Spider-Man. Oh, Spider-Man. He does, you know, whatever a spider can. Except that bit about getting stuck in baths, presumably. And all that old wives stuff about being averse to a conker.
He also does a bit more, of course. As far as I’m aware, no garden insect has, as yet, had a number of cartoon series and video games based on their activities. Mind you, given the quality of some of those, it’s not necessarily a good thing.
Anyway, after months of speculation, sneaky demos and a brief hands-on preview, the full game hits the shelves. On the one hand, this is exciting because some of the Spidey games have been excellent. Others however – and yes I mean you, boring, repetitive Web of Shadows – have been, er, boring and repetitive.
Fortunately, all involved seem to have thrown their hands up to admit Web of Shadows wasn’t good enough and it was back to the drawing board for Shattered Dimensions. We can now declare that, while it isn’t the absolutely perfect experience we were hoping for deep down, this reboot contains more than enough to give the wisecracking web-slinger another shot.
The biggest change is, as you know, the variety. Instead of one Spider-Man to play with (or one-and-a-bit if you include the symbiote suit) there are four. Or, er, four-and-a-bit if you include the symbiote suit. We’ve already mentioned these but, just to recap... There’s the traditional Amazing Spider-Man. There’s the symbiote-suited Ultimate Spider-Man. There’s the 1930's monochrome stylings of Noir Spider-Man. Rounding it all off is Spider-Man 2099.
According to people who know such things, all of the Spider-Men here come from “proper”, fan-boy approved comic incarnations of Spidey. All I know is that they look spectacular. The Noir sections are moody and magnificent, and Ultimate and Amazing – particularly the latter – feel like you’re playing with an animated comic book. By contrast, 2099 is slickly done, highly impressive but a bit of a disappointment. Trust me: that says more about the visual qualities of the other three designs than it does about 2099.
Each Spidey has a different skill set too. Amazing is the old school web-slinger and fighter. Noir exploits the monochrome for its stealth-heavy lurking and sneaky takedowns from the shadows. Ultimate’s suit gives you the tentacle, frenzied attacks of “Rage” mode while 2099's adapted suit (and futuristic architecture) allows controlled freefalling, which manifests itself as gravity-induced chases.
What’s particularly satisfying given the likely individual preferences for the different eras, the game structure isn’t of the straightforwardly linear “complete Amazing, move on to Noir” style. Instead, each variation rolls around in turn (or, after you’ve put away the first villains, as a slab of four missions allowing you to choose the order). This is a canny device, as it makes the game play appear more varied than it actually is. It also helps hide the fact that the story is a little basic. The Tablet of Order and Chaos is broken! The shattered pieces have drifted through time! You must find them! Oh and they’ve ALL been found by villains from Spidey's history... Man, what are the chances of that eh?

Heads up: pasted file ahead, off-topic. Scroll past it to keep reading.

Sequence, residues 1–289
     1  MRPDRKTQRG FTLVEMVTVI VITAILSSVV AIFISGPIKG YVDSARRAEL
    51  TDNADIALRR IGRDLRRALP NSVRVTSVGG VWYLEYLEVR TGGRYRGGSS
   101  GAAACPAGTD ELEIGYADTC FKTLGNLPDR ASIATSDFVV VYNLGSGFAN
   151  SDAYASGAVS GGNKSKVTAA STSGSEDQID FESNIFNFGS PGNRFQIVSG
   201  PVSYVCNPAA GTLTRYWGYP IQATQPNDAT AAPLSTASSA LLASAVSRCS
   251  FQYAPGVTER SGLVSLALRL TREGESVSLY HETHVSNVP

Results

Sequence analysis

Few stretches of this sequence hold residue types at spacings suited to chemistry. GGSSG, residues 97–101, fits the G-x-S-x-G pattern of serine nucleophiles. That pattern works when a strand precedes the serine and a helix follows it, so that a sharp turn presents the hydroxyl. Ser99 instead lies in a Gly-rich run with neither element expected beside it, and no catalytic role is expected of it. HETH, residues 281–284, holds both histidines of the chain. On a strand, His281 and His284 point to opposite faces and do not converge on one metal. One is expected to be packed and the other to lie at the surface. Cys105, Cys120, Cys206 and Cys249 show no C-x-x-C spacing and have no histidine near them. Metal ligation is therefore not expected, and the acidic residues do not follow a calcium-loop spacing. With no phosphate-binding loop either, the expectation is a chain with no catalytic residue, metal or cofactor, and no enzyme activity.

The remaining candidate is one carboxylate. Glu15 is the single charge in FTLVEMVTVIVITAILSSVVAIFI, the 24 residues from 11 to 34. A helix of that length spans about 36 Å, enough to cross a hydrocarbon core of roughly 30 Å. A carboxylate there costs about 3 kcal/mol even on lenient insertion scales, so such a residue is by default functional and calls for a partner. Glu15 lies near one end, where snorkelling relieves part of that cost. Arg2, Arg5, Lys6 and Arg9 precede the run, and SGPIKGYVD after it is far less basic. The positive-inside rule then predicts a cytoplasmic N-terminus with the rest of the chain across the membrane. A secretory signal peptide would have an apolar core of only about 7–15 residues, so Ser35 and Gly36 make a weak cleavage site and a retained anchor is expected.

The free roaming aspect of previous games is replaced with purely linear action which would be a shame if this wasn't so lovely to look at – the cut scenes are often stunning - and wasn't offering quite so much to the devoted fans, from the adherence to recognised universes to the roster of bad guys present: Hammerhead, Sandman, Electro, Vulture, Kraven and assorted Goblin variants to na,e but a few.
The notion of side challenges is also present within the confines of the game’s linear progression. These are accessible through a web – funny that – and cover some fun bits and pieces, from collecting the spider emblems throughout the levels to disarming bad guys, completing so many stealth takedowns in a row, etc.
There are other positives too. The script, while inevitably repetitive, is often laugh out loud funny. There’s a raft of unlockable content. The voice work, all by actors who’ve played Spider-Man in various cartoon outings, is excellent. Game play throws in some variety: the occasional moments of first person fisticuffs is a particularly pleasing addition.
But, as you’ve probably guessed, there’s a “but” coming. While the good bits are very good, the frustrations seem so... avoidable. There are camera issues which make the controls highly confusing. This is particularly evident while ceiling-crawling in the Noir level, where the camera whirling and control switching makes it really bloody tricky to move in the direction you want. Fights, while fun and potentially involving all sorts of unlockable combos, will generally come down to so much button-bashing. Certain boss fights, while lengthy, are actually a little too easy. Also – and I stress this may just be my copy as others haven't reported such issues – I suffered some random freezes and a hugely annoying partial load in the final showdown with Electro which randomly sorted itself on the 14th attempt. Insert your own Spider-Man / buggy gag here.
- Lovely graphics
- Varied gameplay
- Lengthy and stuffed with content
- Avoidable camera issues
- Fights generally sorted with frantic button action
- The inevitable repetition
The Short Version: Overall, Shattered Dimensions is a very decent title if not the absolute classic we hoped for. Definitely worth a look.